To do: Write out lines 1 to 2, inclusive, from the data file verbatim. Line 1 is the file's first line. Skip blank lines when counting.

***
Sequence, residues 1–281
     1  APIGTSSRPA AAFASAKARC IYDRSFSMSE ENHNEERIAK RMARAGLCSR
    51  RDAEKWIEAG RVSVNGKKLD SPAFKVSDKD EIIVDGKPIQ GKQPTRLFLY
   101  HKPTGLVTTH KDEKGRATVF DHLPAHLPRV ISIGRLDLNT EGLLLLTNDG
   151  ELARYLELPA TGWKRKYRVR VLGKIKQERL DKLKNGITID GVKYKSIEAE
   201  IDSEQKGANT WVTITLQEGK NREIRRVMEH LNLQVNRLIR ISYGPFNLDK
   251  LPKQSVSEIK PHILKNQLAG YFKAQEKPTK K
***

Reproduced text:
Sequence, residues 1–281
     1  APIGTSSRPA AAFASAKARC IYDRSFSMSE ENHNEERIAK RMARAGLCSR